KSEF RDE: Development and deployment of a non-toxic endophyte in tall fescue for forage

Grants and Contracts Details


Tall fescue is the most widely planted forage grass in the United States, and a key pasture component in Kentucky. Its exceptional stress tolerance, stand longevity and productivity are largely attributable to the seedtransmitted, mutualistic symbiont (endophyte), Neotyphodium coenophialum. However, common strains of N. coenophialum produce ergot alkaloids that cause toxic symptoms in grazing livestock. The resulting fescue toxicosis causes close to $1 billion annual loss to U.S. livestock production. These anti-mammalian effects also impact ecological succession, posing environmental concerns, for example in reclaimed strip mines. Some nontoxic endophytes have recently been deployed in tall fescue cultivars, but may be less beneficial or less compatible with the plant. The ideal strain of N. coenophialum for tall fescue cultivars would confer the key benefits to the grass but would not produce ergot alkaloids. Toward this end, we identified the gene, dmaW, for the first step in ergot alkaloid biosynthesis, and determined that N. coenophialum has two active copies. We eliminated one dmaW copy by replacing it with a foreign marker gene. Furthermore, to obviate public and regulatory concerns, we developed and successfully tested a method to eliminate the foreign marker gene. We propose to apply these techniques to eliminate the second dmaW copy, and generate a non-ergot alkaloid endophyte with no foreign genes in the genome. Then, we will establish this modified endophyte in elite tall fescue breeding lines to develop new cultivars, and raise seeds of these cultivars to test their agronomic traits and suitability for pastured livestock. The proposal involves the following intellectual property of the University of Kentucky: patent 6,335,188 (issue date, 2002) for use and manipulation of dmaW, and three elite tall fescue breeding lines bred for late flowering, succulence, seedling vigor, yield potential, and disease resistance. The approach is also applicable to temperate forage grasses worldwide.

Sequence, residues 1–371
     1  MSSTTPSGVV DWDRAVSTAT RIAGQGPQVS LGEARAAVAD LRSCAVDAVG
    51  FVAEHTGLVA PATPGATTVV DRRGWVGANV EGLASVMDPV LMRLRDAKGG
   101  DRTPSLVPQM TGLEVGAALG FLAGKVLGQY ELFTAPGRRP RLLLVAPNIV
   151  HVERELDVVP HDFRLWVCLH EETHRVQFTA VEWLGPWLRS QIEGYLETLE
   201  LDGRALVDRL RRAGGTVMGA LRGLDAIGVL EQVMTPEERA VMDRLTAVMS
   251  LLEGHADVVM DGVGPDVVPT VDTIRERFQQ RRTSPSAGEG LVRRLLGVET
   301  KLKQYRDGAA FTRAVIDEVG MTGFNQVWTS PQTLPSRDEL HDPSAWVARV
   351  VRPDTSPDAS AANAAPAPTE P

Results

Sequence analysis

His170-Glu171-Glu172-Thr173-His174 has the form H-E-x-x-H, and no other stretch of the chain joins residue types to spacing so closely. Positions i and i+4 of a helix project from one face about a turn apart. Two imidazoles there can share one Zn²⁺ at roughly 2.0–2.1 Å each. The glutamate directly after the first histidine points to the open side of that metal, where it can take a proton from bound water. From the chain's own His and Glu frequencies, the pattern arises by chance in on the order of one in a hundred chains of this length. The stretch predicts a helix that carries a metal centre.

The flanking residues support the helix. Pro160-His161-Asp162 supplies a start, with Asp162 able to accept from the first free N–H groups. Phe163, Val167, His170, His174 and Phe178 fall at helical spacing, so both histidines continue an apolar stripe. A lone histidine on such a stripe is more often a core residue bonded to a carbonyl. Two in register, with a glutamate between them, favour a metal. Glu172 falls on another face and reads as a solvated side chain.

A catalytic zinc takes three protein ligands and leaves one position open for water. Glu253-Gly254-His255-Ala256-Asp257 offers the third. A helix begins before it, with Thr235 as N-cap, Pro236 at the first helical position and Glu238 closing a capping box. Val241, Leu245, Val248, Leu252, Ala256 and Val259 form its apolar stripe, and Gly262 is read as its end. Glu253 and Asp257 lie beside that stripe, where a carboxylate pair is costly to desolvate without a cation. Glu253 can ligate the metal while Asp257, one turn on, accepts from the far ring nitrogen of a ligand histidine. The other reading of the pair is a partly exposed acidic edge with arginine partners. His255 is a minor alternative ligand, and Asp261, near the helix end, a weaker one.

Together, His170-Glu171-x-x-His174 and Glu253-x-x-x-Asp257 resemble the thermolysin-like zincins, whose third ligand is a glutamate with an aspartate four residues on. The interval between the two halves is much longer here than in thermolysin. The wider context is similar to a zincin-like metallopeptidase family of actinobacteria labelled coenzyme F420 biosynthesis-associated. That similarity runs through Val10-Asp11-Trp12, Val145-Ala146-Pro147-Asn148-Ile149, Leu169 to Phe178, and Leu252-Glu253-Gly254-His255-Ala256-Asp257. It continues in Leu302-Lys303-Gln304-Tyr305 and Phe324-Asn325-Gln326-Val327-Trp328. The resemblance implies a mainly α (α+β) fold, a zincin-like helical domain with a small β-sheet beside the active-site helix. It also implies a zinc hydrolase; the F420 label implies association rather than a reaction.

Effective start/end date7/1/106/30/11


  • KY Science and Technology Co Inc: $56,183.00


Explore the research topics touched on by this project. These labels are generated based on the underlying awards/grants. Together they form a unique fingerprint.